lines: the first one is obtained using the starting parameters provided by the research
partner, the second one is obtained employing the calibration procedure described in [
In particular, the starting under-steering characteristics (dashed lines) have been revised
better identifying the parameters linked to the anti-roll bars stiffness and the steering maps,
leading to a less under-steering behavior within the handling diagram, in agreement with
the experimental data.
Sensors 2021,21, 5372 6 of 21
0 2 4 6 8 10 12 14 16 18 20
Time (sec)
[ ° ]
-50 0 50 100 150 200 250 300
Figure 4.
Example of lateral maneuver’s input reproduction. (
) Experimental and simulation
steering angle comparison. (b) Slow-ramp-steer trajectory in virtual environment.
The enhanced parametrization has led to a higher slope in the linear section
(Figure 3a
but also higher lateral grip and side-slip angle values, related to the rear axle behavior
(Figure 3b). Once the vehicle and the tyres’ subsystems have been properly characterized
in the specific range of temperature, pressure, and wear, the validity range of the MF tyre
model has been extended adopting the MF-Evo one, described in [
]. In particular, the
tyre model calibration process can be summarized in three fundamental steps: the first one
is related to the pre-processing of the experimental data (which allows to discern useful
information contained in the acquired data and to eliminate the non-physical outliers); the
second one concerns the identification of the standard MF micro-coefficients in a specific
range of temperature, pressure, and wear; the third step aims at the calibration of the
additional multi-physical analytical formulations, taking into account of the entire dataset
and, thus, extending the tyre model towards thermal and degradation phenomena.
The calibration results are visible in terms of adherence ellipse in the Figure 1, where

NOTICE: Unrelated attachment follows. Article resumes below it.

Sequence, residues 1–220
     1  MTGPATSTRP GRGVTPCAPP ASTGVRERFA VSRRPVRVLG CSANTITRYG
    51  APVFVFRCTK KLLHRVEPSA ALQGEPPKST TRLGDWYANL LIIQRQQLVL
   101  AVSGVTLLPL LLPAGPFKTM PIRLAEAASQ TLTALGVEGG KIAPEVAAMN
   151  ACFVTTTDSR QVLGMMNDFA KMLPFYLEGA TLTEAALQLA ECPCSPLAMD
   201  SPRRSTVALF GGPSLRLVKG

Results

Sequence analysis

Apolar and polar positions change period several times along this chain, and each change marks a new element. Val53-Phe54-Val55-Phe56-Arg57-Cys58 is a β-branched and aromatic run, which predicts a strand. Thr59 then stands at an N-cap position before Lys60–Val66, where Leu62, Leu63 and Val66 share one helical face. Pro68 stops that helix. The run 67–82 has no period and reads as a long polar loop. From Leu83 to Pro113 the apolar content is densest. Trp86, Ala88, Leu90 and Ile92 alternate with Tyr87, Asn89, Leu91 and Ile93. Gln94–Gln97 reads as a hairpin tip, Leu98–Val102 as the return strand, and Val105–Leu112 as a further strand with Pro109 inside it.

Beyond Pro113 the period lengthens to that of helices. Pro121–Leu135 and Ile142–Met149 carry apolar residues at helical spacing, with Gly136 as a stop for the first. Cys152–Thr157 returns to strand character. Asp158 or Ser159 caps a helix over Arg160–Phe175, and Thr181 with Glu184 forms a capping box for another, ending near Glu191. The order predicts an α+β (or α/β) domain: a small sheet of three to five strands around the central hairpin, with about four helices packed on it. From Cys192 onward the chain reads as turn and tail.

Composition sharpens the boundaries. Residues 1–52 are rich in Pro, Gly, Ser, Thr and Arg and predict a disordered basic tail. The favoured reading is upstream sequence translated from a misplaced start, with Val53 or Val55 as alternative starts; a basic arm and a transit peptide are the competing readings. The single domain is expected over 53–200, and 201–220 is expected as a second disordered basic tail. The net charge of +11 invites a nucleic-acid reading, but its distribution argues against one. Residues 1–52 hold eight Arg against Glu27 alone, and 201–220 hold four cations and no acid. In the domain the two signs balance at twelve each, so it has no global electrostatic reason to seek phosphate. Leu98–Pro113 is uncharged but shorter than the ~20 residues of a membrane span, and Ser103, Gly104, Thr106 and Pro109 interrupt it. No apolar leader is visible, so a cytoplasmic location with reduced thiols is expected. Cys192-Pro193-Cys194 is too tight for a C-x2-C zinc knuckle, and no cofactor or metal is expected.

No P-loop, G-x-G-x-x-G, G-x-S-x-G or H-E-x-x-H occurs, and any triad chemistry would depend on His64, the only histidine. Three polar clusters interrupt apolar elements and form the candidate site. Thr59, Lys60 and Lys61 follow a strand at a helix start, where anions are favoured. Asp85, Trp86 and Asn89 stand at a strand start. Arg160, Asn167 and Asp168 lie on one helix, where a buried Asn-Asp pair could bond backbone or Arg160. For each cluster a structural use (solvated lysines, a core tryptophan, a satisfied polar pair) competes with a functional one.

the experimental data have been compared towards the MF and MF-evo outputs within
different temperature working ranges of the tyre. Finally, the parameters of the MF-evo
model have been further modified to extend the applicability of the tyre model on different
road surfaces, modifying the identified friction factors towards the pavement characteristics,
as reported in the Table 2. The resulting interaction characteristics for different tyres, in
diverse thermodynamic conditions and in contact with different road surfaces have been
summarized in Figures 5and 6.
-15 -10 -5 0 5 10 15
slip angle [deg]
y [-]
Dry road
Icy road
Snowy road
Wet road
-1 -0.5 0 0.5 1
x [-]
y [-]
Figure 5.
New tyre in optimal thermal condition in contact with different road surfaces. (
) Lateral
interaction characteristics. (b) Adherence ellipse.
In steady-state conditions, the global force exerted by the tyres is in a dynamic equi-
librium with the centrifugal force, as a function of the longitudinal velocity of the vehicle
Sensors 2021,21, 5372 7 of 21
and the instantaneous cornering radius
, relating the lateral acceleration
and the
longitudinal velocity vof the vehicle’s center of mass (CM) by the equation:
R; (1)
To demonstrate the potential influence of the road surface characteristics on the
overall vehicle behavior, a set of simulations has been conducted with different tyre